Meta will allow political ads that question the outcome of the 2020 U.S. presidential election on its platforms, the company has announced.
This move is part of a decrease in election-related content moderation among major social media platforms over the past year ahead of the 2024 US presidential election.
Following the January 6, 2021 attack on the U.S. Capitol, which was fueled by baseless claims about 2020 election fraud, pressure on tech companies to combat election misinformation increased.
There have been dozens of lawsuits that have attempted to challenge the 2020 presidential election results but they were dismissed at the state and federal levels across the country.
However, Meta, the parent company of Facebook and Instagram, will now be able to directly profit from political ads that promote fictitious claims about the legitimacy of the 2020 election because of the policy.
Although the company will allow for political advertisements to claim past elections, including the 2020 election, were rigged, it will not allow ads that “call into question the legitimacy of an upcoming or ongoing election.”
Meta In Hot Water
The policy was part of an August 2022 announcement pertaining to its approach to last year’s midterm elections, when the company stated that it would prohibit ads that discourage people from voting, question the legitimacy of an upcoming or ongoing election, or prematurely claim an election victory to target users in the United States, Brazil, Israel and Italy.
In addition, Meta as well as YouTube and X, formerly known as Twitter, have re-instated former US President Donald Trump’s accounts since last fall. After reinstating Trump’s account in January, Meta stated that it would not punish the former presidents for attacking the 2020 election results but assured it will not allow him to call into question any upcoming elections.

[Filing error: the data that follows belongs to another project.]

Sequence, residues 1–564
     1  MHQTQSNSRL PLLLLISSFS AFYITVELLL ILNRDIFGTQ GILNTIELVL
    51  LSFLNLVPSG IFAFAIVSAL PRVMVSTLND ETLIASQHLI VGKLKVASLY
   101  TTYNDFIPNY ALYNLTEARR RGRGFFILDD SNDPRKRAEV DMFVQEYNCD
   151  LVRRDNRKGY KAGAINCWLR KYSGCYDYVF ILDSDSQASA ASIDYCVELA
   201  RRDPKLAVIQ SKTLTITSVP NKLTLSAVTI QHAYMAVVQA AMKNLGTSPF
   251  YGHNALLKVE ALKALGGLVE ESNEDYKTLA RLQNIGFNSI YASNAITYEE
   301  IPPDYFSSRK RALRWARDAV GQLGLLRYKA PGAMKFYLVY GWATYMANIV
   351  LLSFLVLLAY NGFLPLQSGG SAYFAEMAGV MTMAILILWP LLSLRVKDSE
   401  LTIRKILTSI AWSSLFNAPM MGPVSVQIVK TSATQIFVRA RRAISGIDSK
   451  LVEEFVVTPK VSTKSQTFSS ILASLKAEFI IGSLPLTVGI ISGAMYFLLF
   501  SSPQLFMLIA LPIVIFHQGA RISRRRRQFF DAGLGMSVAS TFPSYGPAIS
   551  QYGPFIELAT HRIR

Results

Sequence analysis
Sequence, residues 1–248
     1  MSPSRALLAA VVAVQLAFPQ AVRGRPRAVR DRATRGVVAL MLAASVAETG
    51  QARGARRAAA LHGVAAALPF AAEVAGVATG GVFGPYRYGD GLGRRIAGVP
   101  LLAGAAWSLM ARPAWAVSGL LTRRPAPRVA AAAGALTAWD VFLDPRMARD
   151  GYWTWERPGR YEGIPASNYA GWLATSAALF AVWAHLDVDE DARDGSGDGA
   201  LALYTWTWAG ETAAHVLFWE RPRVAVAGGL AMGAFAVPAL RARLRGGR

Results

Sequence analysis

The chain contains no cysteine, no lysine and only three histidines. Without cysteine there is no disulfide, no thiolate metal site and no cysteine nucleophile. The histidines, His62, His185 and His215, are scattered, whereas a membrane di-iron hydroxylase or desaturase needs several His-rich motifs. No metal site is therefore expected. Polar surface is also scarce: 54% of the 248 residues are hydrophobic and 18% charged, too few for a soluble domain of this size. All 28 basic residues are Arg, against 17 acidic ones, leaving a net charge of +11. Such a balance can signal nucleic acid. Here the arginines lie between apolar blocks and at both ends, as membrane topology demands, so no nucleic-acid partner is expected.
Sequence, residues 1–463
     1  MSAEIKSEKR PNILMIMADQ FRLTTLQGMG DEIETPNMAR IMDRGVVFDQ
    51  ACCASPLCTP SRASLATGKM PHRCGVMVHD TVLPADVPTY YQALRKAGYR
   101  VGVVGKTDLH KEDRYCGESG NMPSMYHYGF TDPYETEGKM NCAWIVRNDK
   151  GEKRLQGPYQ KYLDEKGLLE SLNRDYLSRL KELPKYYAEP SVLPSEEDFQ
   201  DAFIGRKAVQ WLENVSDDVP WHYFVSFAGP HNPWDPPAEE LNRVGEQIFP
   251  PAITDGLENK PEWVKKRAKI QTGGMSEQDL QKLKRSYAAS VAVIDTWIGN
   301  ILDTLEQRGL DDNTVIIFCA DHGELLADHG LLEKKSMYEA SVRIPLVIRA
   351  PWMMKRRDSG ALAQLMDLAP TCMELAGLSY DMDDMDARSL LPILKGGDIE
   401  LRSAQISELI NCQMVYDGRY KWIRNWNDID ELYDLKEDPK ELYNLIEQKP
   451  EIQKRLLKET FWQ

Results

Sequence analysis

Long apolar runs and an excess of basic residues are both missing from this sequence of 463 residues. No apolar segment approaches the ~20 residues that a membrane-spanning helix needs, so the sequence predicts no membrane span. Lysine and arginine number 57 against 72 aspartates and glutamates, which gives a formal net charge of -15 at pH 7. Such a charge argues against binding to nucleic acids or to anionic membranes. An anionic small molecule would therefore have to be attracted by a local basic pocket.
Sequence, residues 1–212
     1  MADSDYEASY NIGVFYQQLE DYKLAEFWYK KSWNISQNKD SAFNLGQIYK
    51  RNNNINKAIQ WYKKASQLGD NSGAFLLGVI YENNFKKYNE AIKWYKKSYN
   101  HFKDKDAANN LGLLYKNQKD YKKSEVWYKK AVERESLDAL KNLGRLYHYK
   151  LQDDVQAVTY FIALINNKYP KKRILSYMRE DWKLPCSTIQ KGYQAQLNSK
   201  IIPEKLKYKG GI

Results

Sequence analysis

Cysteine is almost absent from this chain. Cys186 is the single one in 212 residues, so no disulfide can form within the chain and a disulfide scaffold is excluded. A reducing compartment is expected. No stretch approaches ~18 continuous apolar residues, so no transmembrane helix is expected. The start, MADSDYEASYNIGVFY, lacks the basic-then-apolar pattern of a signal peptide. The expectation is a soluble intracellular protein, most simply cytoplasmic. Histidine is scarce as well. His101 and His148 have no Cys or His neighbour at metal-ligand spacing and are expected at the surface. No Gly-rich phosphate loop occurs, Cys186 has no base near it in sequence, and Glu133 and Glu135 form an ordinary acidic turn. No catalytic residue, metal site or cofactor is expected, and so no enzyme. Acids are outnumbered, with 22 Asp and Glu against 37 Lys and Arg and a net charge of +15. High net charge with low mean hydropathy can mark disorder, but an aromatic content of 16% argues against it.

In June, YouTube reversed the policy put in place over two years ago when it made the decision to no longer remove content that features false claims regarding the 2020 election being stolen. However, the company is still prohibiting content that wrongly informs users of how and when to vote and pushes false claims that possibly discourage voting or otherwise “encourage others to interfere with democratic processes.”
This policy change, however, does not apply to its ad policies, YouTube spokesperson Michael Aciman confirmed to CNN on Wednesday. YouTube’s ad policy will continue to prohibit claims that are false and could sabotage participation or trust in the electoral and democratic processes.
Meta also said earlier this month that starting next year it will be requiring political advertisers across the globe to disclose if artificial intelligence was used in their ads. This part of a movement to remove “deepfakes” as well as other digitally altered misleading content.
The company will also prohibit political advertisements from using the company’s new artificial intelligence tools that help brands generate text, backgrounds, and other marketing content.